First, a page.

Study could be done to help address flooding in Danville
Flash flooding over the weekend cost one car dealership millions of dollars
DANVILLE, Va. – The parking lot of Robert Woodall Chevrolet looked more like a lake than a parking lot shortly after midnight Sunday.
Eighty-one cars, 50 of them brand new, were totaled by the flash flooding Saturday night and early Sunday morning.
Dealership owner Robbie Woodall said the loss is close to $5 million.
"This happened the first time in 2013. The city has a problem with storm drainage. They've been knowing it for five or six years," Woodall said. "When it happened then, we had a claim of about $2.5 million and our insurance went up tens of thousands of dollars a year. I'm sure it's going to go up again."
The totaled cars, many of which still had mud and debris from the flood on their tires, are now parked in an empty lot down the street
Woodall also estimates the water caused about $75,000 worth of damage to one of the buildings on the dealership's lot.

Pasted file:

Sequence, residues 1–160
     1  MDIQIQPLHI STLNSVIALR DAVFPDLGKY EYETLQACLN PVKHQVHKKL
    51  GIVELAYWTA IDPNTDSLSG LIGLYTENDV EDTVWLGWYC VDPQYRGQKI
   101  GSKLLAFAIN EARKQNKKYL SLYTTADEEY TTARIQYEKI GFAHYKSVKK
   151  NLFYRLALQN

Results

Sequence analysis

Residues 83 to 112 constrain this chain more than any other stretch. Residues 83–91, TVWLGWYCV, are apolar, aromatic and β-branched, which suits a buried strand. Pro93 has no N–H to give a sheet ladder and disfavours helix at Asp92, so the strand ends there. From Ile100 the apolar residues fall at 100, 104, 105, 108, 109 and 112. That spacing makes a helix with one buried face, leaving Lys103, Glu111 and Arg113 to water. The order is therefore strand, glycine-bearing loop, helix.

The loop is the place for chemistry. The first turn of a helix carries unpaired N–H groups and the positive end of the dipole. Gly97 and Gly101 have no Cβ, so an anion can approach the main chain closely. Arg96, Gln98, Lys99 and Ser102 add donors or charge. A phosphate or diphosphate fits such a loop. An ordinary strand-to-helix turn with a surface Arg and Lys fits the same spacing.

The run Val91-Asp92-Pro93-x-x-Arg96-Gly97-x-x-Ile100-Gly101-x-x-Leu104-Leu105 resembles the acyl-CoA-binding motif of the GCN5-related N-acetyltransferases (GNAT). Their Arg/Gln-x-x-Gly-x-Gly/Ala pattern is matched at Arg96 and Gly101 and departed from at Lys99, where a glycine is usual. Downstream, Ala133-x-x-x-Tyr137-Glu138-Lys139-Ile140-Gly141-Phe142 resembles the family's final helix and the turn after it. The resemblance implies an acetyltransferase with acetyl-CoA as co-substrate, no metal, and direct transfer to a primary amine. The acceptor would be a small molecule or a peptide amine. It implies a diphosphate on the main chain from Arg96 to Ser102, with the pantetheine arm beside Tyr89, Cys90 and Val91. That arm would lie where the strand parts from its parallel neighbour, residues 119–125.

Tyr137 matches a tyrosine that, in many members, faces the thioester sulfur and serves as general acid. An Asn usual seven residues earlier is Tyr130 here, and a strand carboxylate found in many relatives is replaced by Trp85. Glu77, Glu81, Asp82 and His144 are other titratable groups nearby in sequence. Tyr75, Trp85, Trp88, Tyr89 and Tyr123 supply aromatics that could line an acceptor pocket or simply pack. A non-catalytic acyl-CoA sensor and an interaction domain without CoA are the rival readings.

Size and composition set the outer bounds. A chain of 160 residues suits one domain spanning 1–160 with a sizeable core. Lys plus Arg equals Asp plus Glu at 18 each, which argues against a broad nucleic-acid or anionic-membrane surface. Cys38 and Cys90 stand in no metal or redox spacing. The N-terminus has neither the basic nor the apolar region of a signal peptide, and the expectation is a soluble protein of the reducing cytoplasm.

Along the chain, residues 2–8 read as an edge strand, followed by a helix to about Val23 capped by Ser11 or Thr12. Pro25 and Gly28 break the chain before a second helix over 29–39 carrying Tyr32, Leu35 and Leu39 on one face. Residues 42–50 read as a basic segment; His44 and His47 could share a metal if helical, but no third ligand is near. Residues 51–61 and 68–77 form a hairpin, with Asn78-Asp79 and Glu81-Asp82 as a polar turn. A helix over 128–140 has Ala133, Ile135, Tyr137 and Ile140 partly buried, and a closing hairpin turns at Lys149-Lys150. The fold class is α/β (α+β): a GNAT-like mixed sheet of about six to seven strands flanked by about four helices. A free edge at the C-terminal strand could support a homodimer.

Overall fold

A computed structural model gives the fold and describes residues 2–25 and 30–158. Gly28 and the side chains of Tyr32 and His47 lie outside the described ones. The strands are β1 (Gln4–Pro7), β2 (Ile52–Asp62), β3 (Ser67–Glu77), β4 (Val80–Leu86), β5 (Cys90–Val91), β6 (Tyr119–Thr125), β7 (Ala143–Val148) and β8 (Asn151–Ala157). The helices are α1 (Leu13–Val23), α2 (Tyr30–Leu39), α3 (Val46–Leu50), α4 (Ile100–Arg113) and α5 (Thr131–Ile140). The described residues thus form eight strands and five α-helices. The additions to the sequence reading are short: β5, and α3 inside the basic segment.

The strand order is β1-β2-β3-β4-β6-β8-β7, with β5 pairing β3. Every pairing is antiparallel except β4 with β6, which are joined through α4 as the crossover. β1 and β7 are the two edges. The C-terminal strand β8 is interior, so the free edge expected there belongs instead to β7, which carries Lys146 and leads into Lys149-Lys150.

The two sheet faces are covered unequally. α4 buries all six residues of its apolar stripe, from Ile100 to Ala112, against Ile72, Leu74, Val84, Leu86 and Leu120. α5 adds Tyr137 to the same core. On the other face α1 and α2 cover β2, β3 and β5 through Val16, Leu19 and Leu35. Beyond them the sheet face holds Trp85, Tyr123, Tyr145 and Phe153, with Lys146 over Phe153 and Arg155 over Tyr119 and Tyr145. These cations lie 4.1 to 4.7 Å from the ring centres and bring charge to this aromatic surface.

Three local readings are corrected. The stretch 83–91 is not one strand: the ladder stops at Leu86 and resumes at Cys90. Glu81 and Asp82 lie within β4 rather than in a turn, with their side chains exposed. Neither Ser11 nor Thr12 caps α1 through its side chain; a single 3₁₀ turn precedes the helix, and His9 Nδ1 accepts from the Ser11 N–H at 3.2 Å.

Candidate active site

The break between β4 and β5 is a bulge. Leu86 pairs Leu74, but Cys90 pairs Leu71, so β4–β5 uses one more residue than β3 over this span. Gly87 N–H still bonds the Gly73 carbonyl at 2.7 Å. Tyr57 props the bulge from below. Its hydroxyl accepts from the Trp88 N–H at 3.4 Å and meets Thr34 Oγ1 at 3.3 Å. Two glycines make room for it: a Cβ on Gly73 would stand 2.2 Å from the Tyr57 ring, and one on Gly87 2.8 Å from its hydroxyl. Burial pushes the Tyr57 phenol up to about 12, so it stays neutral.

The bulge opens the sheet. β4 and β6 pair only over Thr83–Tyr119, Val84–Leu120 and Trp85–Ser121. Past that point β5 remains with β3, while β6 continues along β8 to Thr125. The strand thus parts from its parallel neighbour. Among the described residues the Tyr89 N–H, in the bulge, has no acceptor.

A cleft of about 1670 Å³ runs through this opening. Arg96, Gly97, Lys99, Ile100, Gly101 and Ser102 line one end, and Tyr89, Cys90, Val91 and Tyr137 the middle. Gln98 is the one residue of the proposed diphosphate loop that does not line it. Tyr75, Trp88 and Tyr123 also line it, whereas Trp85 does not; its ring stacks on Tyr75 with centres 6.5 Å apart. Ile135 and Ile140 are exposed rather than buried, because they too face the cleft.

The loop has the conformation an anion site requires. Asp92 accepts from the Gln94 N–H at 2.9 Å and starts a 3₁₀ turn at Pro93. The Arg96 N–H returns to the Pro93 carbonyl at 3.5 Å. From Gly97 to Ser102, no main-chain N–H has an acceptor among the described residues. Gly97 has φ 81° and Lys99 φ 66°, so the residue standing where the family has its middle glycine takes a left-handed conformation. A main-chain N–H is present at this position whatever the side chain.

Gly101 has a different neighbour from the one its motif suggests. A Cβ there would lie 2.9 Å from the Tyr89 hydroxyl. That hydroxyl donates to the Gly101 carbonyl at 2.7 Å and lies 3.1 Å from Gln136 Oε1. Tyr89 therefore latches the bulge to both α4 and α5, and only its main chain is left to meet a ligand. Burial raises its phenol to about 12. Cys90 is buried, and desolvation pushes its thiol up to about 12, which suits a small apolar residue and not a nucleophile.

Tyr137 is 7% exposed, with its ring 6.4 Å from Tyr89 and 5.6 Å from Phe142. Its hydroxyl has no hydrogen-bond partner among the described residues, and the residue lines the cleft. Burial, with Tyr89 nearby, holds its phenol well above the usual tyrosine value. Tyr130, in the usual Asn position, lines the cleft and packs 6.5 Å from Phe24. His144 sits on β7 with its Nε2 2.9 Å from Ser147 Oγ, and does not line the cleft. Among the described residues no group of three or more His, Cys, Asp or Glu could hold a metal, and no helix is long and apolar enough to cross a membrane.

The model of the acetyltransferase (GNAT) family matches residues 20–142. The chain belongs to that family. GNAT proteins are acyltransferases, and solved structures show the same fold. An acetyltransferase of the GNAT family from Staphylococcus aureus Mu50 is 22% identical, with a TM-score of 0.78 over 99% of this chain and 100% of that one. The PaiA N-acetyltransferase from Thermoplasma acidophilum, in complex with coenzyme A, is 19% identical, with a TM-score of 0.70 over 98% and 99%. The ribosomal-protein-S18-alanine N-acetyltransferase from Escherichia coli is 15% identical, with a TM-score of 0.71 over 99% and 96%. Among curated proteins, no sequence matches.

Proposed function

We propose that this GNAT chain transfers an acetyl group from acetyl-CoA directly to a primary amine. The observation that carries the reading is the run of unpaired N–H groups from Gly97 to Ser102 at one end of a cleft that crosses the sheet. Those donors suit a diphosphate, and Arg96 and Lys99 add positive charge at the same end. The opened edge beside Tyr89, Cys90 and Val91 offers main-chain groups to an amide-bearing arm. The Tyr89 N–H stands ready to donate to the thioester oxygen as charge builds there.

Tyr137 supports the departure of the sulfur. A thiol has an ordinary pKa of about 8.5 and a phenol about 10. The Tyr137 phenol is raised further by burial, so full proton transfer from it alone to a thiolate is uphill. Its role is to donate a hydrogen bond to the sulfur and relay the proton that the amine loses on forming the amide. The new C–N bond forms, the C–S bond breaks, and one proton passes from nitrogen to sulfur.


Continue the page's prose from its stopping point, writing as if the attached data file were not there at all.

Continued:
Water threatened the Chevrolet dealership during a similar flash flood in May of this year.
"I've already talked to the city again this morning," Woodall said Monday. "They're working on it, trying to get a game plan together."
Deputy city manager Earl Reynolds said the problems causing the flooding are still being investigated, and there's no telling how long that will take.
Once the investigation is complete though, a study may be done.
"The public works director has indicated that, given the unusual weather conditions of the last couple of years, that's probably something that we need to do," Reynolds said. "It will identify proven engineering solutions to those problems and it will also give cost parameters."
He said his phone has been ringing off the hook from complaints about flooding.
"Flooding may involve storm drainage, it may involve a number of other situations and that's why we really need to take a comprehensive look at it," said Reynolds.
With more rain in the forecast this week, Woodall planned to move his cars around to hopefully keep them out of Mother Nature's reach.
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